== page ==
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Compare the timings below

   {iii = 0},
    {#[[1]] + 1, Plus[#[[1]], 1, (#[[1]] + 1)*#[[2]]]} &
    {0, 1},

-> {0.043021, {5000., 1.572304446472042*10^16326}}

SetAttributes[Function, SequenceHold]
N@Timing[#2 &@
    Sequence[#1 + 1, Plus[#1, 1, (#1 + 1)*#2]] &
    Unevaluated[Sequence[0, 1]],

ClearAttributes[Function, SequenceHold]

-> {0.030972, 1.572304446472042*10^16326}

Now, this may be a silly example for the use of Nest, as we do not exploit the fact that "the first argument" will always be an Integer (see further below to see that Do is faster). But I guess there can be more complex cases where the use of the form/idiom Nest[Function[Sequence[expr]],args] where Function has SequenceHold can improve the speed of computation. I know that the general answer to questions of this type is: "It is not safe to Clear/add Attributes to system functions". But apparently it is useful to be able to let Function return a Sequence. Note that we can also do

N@Timing[#2 &@
    Identity[Unevaluated[Sequence[#1 + 1, Plus[#1, 1, (#1 + 1)*#2]]]] &
    Unevaluated[Sequence[0, 1]],


-> {0.03492, 1.572304446472042*10^16326}

where we let Function return a Sequence in a more stabile/approved/classical manner. See my answer here for more ways of returning a Sequence "on the fly". But these additional functions/heads seems to slow things down. The question is: Is there a context in which it is safe to use Function with SequenceHold?

For example in the "context"

Nest[Function[Sequence[body]],Unevaluated[Sequence[startSequenceBody]], n]


body contains only "simple" functions like Times Plus and Power

startSequenceBody is just some reals or integers seperated by commas

n is just an integer

Also, an answer of the form: "This is not necessary, the following is an alternative" is of course appreciated.


Functional programmers may want to close their eyes and scroll down, but I don't want to discriminate ;). We have

   {arg = 1},
    arg = Plus[iii, 1, (iii + 1)*arg]
    {iii, 0, 4999}

-> {0.02014, 1.572304446472042*10^16326}

Which is the fastest thing I could come up with.

Here is also an approach I like to call the Mr.Wizard style of doing things (because of this answer by him). Let me compare it with an approach using ReplaceRepeated while I am at it. We have

ggg2[nnn_, total_] := ggg2[nnn + 1, Plus[nnn + 1, (nnn + 1)*total]];
ggg2[5000, total_] := total;

Block[{$IterationLimit = 30000, a, b}, 
 a = Timing@
     1}, {{5000, total_} :> 
      total, {nnn_, total_} :> {nnn + 1, 
       Plus[nnn, 1, (nnn + 1)*total]}}];
 b = Timing@ggg2[0, 1];
 {Last[a] == Last[b], First[a], First[b], N[Last[a]]}]

-> {True, 0.029197, 0.027240, 1.572304446472042*10^16326}

Background of the problem/further remarks

In my answer here, I should probably use something like "the Mr.Wizard approach" (letting evaluator be a function that calls itself), whereas I use ReplaceRepeated. Here it would be nice to be able to deduce cases in which one of the arguments of the recursive function is simply a "counter", so that we can use Do (instead of letting evaluator call itself") to speed things up (this also eliminates the need for a state boolean).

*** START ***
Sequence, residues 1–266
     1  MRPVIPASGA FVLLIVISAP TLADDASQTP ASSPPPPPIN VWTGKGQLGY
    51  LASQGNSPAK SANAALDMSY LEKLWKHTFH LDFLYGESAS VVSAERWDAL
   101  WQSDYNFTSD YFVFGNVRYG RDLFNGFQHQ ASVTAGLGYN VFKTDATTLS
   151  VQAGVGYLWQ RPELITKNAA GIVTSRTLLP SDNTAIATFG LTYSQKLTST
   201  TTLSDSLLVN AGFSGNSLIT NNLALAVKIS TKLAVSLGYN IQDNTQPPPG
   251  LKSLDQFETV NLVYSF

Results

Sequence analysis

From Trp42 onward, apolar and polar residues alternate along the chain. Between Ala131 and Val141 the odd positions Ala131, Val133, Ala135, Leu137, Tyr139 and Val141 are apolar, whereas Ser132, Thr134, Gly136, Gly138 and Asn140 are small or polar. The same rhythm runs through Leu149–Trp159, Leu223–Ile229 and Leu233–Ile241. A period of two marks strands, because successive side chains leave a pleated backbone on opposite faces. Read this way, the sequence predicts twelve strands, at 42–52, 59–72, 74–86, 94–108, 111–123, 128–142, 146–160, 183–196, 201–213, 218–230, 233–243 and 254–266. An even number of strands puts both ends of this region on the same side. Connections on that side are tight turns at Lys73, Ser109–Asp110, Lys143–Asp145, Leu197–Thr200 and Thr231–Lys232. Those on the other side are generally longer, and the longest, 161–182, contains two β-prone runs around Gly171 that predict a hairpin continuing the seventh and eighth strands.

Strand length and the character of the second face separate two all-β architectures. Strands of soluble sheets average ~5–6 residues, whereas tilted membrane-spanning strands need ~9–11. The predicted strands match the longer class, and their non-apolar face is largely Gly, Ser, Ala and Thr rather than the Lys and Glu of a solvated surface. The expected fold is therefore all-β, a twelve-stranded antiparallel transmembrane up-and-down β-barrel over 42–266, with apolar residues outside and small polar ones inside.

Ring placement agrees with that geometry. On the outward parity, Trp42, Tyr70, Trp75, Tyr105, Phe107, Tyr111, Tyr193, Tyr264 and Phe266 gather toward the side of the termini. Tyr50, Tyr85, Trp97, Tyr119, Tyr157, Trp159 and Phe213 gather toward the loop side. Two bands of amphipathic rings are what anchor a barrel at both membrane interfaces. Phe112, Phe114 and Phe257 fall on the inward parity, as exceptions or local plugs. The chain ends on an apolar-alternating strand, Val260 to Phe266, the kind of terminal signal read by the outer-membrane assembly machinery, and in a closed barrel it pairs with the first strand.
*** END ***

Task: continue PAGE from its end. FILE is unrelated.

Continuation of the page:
In the answer I link to above, note that all the examples I give will be faster if we could clear the Attributes Orderless and Flat from Times and Plus. This increases my interest in the safety of changing Attributes. To learn more about this, we have this Q&A. Note that in my previously mentioned answer the idea is to exploit the strengths of Mathematica as a computer algebra system, being able to deal with expressions like a+(b*(c+notANumber) (ok, we have to use Expand, but still). Redefining (rules for) Times and Plus seems to contradict this. But maybe someday somebody will make a nice set of tools for such recursions.

Final remark

All the examples above can be considered an answer to the question: "What ideas can help with recursion when I know how many times I want to "iterate"?". Consider this if you feel the "background of the problem" section is a bit of a rant :).

share|improve this question

You ask an interesting question. I like these explorations of the design of Mathematica.

First: "This is not necessary, the following is an alternative" ;-) I would personally write:

Last @ Nest[{# + 1, (1 + #) (1 + #2)} & @@ # &, {0, 1}, 5]

For this specific sequence there is a far simpler and faster form:

Fold[(# + 1) #2 &, 1, Range@5]

My Timings:

Last@Nest[{# + 1, (1 + #) (1 + #2)} & @@ # &, {0`, 1`}, 150000] // Timing // First

Fold[(# + 1) #2 &, 1`, Range@150000] // Timing // First

SetAttributes[Function, SequenceHold]

#2 &@Nest[Sequence[# + 1, (1 + #) (1 + #2)] &,
   Unevaluated@Sequence[0`, 1`], 150000] // Timing // First

ClearAttributes[Function, SequenceHold]



You can see that your Sequence based method is faster than my Nest method but not nearly as fast as Fold.

I am still considering the ramifications of your change.

share|improve this answer
Thanks for your answer and nice alternative :). An example/timing using Fold was definitely missing in my comparisons. Still I think there should be cases in which this use of Nest and Function-with-SequenceHold can be the fastest alternative. Note that I mentioned above that I thought the example I gave was a bit silly ;). I'm kind of embarassed by leaving out Fold and I don't want to come across as presumptuous by giving a construed example of where this might be useful.. But then again it might be presumptuous to make claims with proof as well, right ;)? – Jacob Akkerboom Apr 6 '13 at 10:06
Turns out I cannot find such an example right away :P. The use of Fold seems possible here because one of the arguments increases independently of the other (as well as trivially by adding 1). I guess I should let it rest :) – Jacob Akkerboom Apr 6 '13 at 10:33

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